Australia’s biosecurity system has generally served our country well, but it is under constant and growing strain. Historically, the environment has also been the poor cousin of agriculture at the biosecurity table.
Preparedness and responses for environmental threats remain chronically underfunded, especially when compared to those developed for industry.
A well-resourced independent body focused on the prevention and early elimination of new environmental pests and diseases would be a major step toward achieving our global commitments to end extinction.
This article is republished from The Conversation is the world's leading publisher of research-based news and analysis. A unique collaboration between academics and journalists. It was written by: Jaana Dielenberg, Charles Darwin University and Patrick O'Connor, University of Adelaide.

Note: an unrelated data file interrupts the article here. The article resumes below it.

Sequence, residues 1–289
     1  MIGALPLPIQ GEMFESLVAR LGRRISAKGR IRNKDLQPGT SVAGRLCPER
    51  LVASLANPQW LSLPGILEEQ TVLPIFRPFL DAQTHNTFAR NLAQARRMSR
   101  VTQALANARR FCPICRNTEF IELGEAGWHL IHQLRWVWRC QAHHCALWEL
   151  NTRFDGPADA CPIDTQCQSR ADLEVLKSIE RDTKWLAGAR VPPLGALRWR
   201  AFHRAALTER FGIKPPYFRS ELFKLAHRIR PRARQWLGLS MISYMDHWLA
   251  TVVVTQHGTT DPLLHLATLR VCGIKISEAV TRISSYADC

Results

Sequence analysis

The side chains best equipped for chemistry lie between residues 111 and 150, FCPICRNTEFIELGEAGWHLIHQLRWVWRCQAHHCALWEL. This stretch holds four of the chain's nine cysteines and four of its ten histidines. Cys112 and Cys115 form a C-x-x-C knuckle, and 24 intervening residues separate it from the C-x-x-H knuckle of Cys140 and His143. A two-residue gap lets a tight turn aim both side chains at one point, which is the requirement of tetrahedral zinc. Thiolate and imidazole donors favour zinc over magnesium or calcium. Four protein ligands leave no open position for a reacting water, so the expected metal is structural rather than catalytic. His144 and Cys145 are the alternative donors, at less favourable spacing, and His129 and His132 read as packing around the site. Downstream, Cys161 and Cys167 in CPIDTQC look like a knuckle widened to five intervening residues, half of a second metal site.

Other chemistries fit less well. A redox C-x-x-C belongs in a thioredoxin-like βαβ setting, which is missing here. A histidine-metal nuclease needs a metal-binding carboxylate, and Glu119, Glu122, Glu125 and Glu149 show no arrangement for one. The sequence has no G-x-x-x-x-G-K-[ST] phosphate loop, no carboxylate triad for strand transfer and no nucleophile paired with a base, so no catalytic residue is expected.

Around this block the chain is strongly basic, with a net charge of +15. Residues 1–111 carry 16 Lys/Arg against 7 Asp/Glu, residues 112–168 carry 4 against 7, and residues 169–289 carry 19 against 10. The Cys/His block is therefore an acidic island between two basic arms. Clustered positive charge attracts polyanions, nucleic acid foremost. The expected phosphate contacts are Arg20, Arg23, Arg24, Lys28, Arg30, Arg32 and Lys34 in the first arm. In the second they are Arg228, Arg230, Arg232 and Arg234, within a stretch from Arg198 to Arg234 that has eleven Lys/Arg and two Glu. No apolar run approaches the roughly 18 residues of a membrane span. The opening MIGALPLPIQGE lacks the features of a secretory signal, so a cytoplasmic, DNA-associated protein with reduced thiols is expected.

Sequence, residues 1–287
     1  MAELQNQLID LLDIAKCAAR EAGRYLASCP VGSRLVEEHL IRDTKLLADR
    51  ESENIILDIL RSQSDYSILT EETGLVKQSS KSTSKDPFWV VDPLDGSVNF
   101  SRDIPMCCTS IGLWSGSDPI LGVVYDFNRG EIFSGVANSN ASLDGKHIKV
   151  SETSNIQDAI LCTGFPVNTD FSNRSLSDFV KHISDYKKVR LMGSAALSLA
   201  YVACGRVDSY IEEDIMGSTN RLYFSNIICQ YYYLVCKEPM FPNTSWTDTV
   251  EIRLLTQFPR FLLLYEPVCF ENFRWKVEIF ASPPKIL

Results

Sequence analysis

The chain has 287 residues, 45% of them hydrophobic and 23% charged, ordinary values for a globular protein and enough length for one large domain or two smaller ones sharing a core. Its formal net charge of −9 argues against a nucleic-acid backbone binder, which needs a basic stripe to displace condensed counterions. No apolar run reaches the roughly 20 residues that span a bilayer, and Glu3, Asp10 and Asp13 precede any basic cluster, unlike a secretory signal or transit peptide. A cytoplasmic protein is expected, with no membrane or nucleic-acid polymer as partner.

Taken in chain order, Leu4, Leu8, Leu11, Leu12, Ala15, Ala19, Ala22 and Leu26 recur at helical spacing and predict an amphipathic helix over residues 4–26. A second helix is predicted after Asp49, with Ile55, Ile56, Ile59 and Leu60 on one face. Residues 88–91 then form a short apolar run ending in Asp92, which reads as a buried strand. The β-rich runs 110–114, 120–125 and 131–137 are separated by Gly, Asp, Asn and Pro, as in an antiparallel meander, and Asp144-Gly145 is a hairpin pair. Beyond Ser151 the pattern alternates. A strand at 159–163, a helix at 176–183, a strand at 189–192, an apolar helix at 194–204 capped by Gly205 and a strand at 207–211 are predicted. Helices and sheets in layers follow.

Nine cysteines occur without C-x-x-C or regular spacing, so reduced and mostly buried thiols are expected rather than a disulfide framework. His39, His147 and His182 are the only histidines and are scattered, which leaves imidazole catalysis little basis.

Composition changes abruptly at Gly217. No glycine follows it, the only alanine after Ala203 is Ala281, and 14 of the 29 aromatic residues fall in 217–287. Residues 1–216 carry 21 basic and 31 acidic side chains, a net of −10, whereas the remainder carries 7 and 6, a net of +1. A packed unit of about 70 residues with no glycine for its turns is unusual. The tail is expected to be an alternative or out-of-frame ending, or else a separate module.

Jaana Dielenberg is based at The University of Melbourne and works for the Biodiversity Council. She is a member of Invertebrates Australia and the Ecological Society of Australia. She previously worked for the now ended Threatened Species Recovery Hub of the Australian Government's National Environmental Science Program. She thanks James Trezise for his contribution to this article.
Patrick O'Connor receives funding from the Australian Research Council and Australian and State Governments. He is a councilor on the Biodiversity Council and affiliated with the Nature Conservation Society of South Australia and the Australian Landcare movement.